Yak & Co released Down In Bermuda catering to the growing indie cozy fanbase in Q3 of 2019. Yes, this game is over two years old, but with the occasional mega discounts, from time to time and continuing interest it’s cognizant to explore. It’s still relevant, fun, and cozy–indeed. The level of a-ha moments in this puzzle platformer is suited to YouTube, Twitch, or wherever you want to turn a gathering into a chill hangout.
And even as much on your own, whether it’s the hunt of unlocking a puzzle on intuition alone that interests you or the pastel color stylizing, it’s certified enjoyable. With cool color theory islands and cool low-poly characters, this game offers contemporary and relevant gameplay for the new wholesome/cozy gamer base, which fits in right at home here at MrDavePizza.com.
I played this on Nintendo Switch.
Whoopsy Daisy: The Story, Does it Matter?
Down In Bermuda starts with an adventurous aviator, named Milton, nosediving over the ocean in a tumultuous storm. Non-stressful, existing only for an exciting intro to what is mostly a completely patient contemplative rest of the game amongst fun island buddies.
In summary, you’ll be solving puzzles involving light orbs, hidden temple-Esque ruins, and various logic puzzles involving shapes and experimentation. After you have acquired enough of the see mystical light orbs, portals will allow you to hop to a new island in what I suppose is an archipelago like common in the tropic seas.
Even in the first two levels, solving puzzles can take a little exploring to figure out the type of game this is. While, the orbs are clearly visible once you’ve located them, along with relics, there is virtually no guidance on what to do. At the same time, puzzles which you do unlock will be rewarding and so logical when you’re done. Down in Bermuda feels personable and whimsical. Maybe the next orb will be right in the open, maybe it’s a clam, or maybe you’ll turn the first wheel to the right and push a lever to the left. You’ll figure it out.
A Few Surprises in Down in Bermuda
In puzzle games, often it is the case that actions that you take do not necessarily hold any sentimental value aside from unlocking a new area. Indifference here is fine, but the thing is, the puzzles are super fun. Plus, the occasional quirky character shows up regularly. So, no need to feel alone, but no need to learn any backstories and such either. Had I not been able to solve the hidden object aspects of the game on my own, maybe there’d be nothing to say. You’ll learn the pacing of the game soon though, which is complex but forgiving.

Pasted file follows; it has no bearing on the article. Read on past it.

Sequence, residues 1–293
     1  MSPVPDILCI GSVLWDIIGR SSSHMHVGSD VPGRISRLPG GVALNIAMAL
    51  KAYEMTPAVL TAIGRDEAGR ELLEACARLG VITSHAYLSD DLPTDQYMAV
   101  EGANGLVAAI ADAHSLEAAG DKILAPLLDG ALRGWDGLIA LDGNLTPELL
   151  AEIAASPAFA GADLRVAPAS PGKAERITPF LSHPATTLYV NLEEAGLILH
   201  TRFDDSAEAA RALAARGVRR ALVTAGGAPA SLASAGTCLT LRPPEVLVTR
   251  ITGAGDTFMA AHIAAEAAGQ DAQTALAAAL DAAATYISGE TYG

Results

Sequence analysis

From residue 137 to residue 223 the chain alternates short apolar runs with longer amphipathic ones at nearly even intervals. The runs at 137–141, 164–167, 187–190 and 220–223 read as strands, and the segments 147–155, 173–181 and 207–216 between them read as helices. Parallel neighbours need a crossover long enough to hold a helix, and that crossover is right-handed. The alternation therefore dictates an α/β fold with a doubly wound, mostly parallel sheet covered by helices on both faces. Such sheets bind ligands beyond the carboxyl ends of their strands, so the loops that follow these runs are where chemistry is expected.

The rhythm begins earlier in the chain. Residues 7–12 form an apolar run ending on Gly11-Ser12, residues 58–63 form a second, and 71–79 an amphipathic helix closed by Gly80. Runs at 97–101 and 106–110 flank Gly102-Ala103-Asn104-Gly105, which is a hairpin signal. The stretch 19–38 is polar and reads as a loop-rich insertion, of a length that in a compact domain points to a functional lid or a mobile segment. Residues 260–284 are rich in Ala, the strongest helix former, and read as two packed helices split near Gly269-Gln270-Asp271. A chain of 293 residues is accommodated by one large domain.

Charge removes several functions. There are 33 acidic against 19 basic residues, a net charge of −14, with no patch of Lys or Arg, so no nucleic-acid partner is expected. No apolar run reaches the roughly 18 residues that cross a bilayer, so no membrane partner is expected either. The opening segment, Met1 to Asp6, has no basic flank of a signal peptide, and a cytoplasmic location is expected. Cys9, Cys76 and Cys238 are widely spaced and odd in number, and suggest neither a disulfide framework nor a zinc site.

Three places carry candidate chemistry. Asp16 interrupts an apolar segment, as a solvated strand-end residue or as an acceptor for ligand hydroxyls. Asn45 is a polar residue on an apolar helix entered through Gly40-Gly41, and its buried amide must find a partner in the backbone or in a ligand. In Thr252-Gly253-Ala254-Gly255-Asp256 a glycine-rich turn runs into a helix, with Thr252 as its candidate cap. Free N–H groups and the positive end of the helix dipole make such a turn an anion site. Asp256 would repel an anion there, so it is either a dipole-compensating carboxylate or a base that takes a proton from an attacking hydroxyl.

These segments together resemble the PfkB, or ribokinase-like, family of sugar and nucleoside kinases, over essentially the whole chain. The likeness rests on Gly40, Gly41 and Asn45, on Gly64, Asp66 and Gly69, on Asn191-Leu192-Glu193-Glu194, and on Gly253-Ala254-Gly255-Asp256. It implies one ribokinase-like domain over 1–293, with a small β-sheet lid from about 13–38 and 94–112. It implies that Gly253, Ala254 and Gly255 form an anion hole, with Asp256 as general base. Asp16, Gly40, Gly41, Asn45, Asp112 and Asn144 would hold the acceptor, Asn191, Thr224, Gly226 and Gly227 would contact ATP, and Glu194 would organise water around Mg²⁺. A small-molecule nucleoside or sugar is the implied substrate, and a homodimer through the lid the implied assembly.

There is one story that takes place in the game. As you may judge from the photo of the pilots in the above gallery, Milton is some sort of military aviator, and for whatever reason, he goes from being a young man in the intro to a hunched-over long white-bearded character in these islands.
It’s safe to say that not only are the island in Down in Bermuda part of Bermuda, but particularly the “Bermuda Triangle,” that paranormal legend of a place where navigators seem to vanish from time to time, or so the lore is. So, that does account for the mystical, magic, or bizarre aspects of these locations–if need be. Try to think of it as more of a template for doing cool puzzle stuff though.
Thanks for Reading
Anyway, that’s about it. Really. Puzzle games are definitely worth investigating here and there, but as the main gameplay, usually, for the sake of this website, it’s are they fun?
And how does it look? Both do well here on Down in Bermuda, it’s really pleasant, so I’m on board with what have been some pretty positive reviews out there, and am confirming it with this one. Head over to the MrDavePizza.com homepage to find other reviews and tons of content. Thanks for visiting, and please come back. No seriously, get back here.